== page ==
The first known mention of this simple string game was in 1768, but different versions of Cat’s Cradle have been found all over the world in many different cultures. To play, a piece of string or twine is knotted into a loop and two or more players take turns twisting the string into different formations. The first player starts the game by creating the Cat’s Cradle formation. The second player adjusts the Cat’s Cradle formation by pulling, twisting, or further weaving the string to create a new design and then lifts the string from the first player’s hands onto their own hands, keeping the design intact.
The string is passed from player to player in this manner as the game goes on. As the string is transferred between the players, the designs grow more complex or simple depending on the manipulations and the patterns the players know. The game ends when a player makes a mistake or creates a pattern that cannot be turned into anything further.
Learn the basics of Cat’s Cradle here
Marbles are one of the oldest known toys ever created and predate ancient times. The earliest examples of marbles were made from pebbles worn smooth by streams and rivers. During Colonial times, marbles were made from stones or rolled from natural clay. There are many different games involving marbles from cultures all over the world. One way to play is a bit like a combination of bowling and billiards. Players create a ring and set up a number of marbles clustered together in a shape at the center of the ring. Players then take turns “shooting” larger marbles into the marble cluster trying to knock as many marbles out of the ring as they can. Some players become marble collectors once they’ve outgrown the game. A marble’s value depends on its size, colors, patterns, shape, and rarity.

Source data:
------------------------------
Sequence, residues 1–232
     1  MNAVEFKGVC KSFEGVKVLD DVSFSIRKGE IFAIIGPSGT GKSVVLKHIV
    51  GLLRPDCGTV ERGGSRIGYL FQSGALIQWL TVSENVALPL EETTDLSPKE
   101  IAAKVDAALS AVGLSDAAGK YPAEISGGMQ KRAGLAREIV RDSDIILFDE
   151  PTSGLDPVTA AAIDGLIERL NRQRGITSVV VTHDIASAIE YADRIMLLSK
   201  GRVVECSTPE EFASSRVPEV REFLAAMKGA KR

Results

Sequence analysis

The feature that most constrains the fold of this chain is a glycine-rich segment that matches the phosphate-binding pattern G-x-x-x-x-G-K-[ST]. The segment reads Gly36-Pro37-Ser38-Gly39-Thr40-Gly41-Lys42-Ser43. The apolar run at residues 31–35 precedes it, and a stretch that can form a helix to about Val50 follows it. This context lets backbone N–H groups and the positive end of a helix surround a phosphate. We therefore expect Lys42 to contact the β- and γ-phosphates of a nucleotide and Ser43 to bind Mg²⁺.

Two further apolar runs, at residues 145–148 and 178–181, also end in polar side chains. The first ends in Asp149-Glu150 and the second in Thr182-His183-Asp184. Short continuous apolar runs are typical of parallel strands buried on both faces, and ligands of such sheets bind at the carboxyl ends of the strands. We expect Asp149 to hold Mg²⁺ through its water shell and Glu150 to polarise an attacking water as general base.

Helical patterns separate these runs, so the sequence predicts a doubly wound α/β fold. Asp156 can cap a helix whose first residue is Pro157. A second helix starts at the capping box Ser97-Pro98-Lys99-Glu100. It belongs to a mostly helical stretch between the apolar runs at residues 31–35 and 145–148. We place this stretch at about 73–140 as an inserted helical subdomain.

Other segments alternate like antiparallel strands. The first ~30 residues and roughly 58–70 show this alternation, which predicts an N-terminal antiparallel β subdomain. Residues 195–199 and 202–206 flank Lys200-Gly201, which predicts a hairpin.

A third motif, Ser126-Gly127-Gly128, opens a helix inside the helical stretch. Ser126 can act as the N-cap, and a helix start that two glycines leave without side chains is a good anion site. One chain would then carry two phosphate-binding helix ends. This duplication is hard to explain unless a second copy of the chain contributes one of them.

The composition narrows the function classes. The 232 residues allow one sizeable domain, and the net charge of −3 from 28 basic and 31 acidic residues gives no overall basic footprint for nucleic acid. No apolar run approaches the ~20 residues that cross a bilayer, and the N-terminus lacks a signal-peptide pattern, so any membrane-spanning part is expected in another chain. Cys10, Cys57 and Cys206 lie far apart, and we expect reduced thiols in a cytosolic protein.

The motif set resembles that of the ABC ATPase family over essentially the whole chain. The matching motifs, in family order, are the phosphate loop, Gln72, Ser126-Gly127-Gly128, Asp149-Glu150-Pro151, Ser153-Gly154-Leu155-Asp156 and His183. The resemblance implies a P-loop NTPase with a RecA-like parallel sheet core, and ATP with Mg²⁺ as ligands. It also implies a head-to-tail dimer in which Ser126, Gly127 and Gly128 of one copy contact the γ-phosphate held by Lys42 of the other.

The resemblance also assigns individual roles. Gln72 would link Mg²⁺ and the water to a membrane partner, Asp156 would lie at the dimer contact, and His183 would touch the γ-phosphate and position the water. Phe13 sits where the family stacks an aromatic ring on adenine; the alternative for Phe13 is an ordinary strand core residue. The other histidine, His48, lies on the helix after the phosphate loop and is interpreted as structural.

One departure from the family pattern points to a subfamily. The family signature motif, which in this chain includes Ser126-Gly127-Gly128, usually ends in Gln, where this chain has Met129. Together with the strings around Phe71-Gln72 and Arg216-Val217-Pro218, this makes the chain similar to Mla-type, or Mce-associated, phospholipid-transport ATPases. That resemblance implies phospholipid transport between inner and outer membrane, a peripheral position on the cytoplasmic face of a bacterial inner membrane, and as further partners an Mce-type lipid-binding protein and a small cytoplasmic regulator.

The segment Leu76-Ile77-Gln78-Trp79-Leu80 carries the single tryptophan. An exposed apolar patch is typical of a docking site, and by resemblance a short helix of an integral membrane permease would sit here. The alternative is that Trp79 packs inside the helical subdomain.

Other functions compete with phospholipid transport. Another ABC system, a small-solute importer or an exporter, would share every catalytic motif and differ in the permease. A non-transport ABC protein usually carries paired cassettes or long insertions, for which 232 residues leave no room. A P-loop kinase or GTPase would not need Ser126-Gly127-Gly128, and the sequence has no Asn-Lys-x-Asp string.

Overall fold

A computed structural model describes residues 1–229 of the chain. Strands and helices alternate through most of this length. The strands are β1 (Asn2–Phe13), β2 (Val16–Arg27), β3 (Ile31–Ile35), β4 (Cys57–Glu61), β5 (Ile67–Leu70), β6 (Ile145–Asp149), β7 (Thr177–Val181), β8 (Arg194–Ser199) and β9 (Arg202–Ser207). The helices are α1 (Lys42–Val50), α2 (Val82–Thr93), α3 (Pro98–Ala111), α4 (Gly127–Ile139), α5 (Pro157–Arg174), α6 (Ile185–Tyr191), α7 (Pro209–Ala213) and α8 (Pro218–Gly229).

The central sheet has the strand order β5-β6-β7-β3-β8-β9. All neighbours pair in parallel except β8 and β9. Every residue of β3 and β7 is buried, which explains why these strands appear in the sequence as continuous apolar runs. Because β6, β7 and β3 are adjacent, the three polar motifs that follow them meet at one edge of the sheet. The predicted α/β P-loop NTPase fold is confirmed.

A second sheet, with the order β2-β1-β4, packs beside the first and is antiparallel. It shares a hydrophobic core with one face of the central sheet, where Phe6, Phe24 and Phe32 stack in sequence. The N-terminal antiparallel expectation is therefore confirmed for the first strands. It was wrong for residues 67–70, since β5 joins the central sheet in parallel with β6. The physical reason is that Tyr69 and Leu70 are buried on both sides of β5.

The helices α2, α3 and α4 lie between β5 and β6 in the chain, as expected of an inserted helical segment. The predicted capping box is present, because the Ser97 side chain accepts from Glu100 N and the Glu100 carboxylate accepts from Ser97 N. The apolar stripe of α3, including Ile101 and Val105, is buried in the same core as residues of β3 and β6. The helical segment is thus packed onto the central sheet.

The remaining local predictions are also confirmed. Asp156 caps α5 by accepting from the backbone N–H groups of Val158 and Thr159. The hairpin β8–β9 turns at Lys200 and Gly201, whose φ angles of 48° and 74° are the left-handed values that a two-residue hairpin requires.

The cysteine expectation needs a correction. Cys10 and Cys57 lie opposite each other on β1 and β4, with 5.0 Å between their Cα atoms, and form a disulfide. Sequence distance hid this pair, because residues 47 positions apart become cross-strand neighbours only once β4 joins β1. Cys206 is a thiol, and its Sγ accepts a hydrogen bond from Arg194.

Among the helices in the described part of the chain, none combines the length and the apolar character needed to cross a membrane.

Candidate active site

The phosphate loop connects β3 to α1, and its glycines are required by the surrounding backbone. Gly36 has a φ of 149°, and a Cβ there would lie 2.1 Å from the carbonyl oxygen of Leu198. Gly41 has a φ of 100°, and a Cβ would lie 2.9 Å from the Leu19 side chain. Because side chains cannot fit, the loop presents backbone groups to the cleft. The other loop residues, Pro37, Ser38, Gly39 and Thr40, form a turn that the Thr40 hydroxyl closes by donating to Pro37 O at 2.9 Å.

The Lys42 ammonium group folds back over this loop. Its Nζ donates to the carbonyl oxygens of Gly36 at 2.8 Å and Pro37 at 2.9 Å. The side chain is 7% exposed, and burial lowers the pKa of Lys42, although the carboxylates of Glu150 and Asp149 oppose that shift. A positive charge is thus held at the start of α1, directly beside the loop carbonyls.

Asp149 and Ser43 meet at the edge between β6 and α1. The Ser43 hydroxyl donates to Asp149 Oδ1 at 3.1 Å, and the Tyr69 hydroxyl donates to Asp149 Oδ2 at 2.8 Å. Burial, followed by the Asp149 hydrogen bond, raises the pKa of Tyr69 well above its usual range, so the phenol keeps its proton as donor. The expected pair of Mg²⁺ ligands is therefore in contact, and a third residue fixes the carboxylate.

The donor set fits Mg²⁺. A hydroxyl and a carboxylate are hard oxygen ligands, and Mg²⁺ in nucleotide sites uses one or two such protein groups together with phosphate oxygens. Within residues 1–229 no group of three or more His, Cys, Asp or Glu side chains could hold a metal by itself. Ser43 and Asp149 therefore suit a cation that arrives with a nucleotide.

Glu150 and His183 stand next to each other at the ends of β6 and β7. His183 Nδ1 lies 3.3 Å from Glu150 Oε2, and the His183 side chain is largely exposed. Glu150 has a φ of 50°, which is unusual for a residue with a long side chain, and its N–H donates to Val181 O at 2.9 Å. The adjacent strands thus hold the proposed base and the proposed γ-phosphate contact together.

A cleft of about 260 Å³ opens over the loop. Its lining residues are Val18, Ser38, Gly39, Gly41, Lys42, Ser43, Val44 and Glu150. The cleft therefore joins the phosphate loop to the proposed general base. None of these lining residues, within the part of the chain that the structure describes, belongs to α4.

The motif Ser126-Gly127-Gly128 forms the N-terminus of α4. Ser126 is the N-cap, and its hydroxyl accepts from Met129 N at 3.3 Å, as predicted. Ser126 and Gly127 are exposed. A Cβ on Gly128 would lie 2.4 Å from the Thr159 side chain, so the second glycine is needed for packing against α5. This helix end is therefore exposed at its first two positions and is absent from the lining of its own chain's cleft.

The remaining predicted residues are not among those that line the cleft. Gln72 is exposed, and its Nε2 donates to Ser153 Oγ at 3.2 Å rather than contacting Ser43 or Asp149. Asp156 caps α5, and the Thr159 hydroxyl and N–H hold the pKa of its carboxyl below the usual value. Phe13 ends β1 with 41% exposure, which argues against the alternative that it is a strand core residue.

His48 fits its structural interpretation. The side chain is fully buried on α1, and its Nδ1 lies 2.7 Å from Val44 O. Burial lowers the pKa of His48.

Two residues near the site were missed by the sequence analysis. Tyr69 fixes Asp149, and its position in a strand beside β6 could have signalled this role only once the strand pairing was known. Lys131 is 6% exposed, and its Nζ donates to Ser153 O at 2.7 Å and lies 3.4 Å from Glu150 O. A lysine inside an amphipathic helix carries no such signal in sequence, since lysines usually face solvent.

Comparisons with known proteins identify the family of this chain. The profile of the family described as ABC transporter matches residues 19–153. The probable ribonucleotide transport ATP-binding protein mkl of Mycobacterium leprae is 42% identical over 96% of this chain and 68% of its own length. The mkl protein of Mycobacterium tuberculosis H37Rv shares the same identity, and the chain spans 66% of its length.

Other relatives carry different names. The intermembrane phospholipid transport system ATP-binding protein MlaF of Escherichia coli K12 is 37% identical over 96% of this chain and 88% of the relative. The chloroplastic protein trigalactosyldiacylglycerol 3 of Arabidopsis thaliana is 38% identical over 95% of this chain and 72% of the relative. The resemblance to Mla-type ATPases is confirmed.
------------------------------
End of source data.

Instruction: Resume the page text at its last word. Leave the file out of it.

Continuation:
Learn how to play Marbles here
5. Cup-and-Ball Game
Both children and adults have been playing a version of cup-and-ball since it was created in the 1300s. Still popular today, cup-and-ball is a game of hand-eye coordination, skill, and luck. Children have played it for fun and to improve their motor skills. Adults play it for fun and as a betting game too! Cup and ball toys consist of a cup on one end of a stick with a ball tied to the bottom of the stick. The string tethers the ball to the stick to ensure that players have a limited height at which the ball can be tossed.
To play, simply hold the stick in one hand and with the opposite hand toss the ball in the air and attempt to catch it in the cup. Start with the ball in the cup. Use the cup to launch the ball upward and try to catch it back in the cup. See how many times you can land the ball back in the cup in a row. Playing the game might seem simple, but winning requires some luck and skill!
Learn how to make your own Cup-and-Ball game here
i AM LOOKING FOR THESE COLONIAL GAMES
This website is on the toys I am researching. It helped me learn more about the toys and how they are made. And there are links on the website that help you if you want to make one. Which really helped me out
Don’t forget about jacks!
Yes all these were toys we remember in England too
Loved visiting Vermont and your store when we last visited USA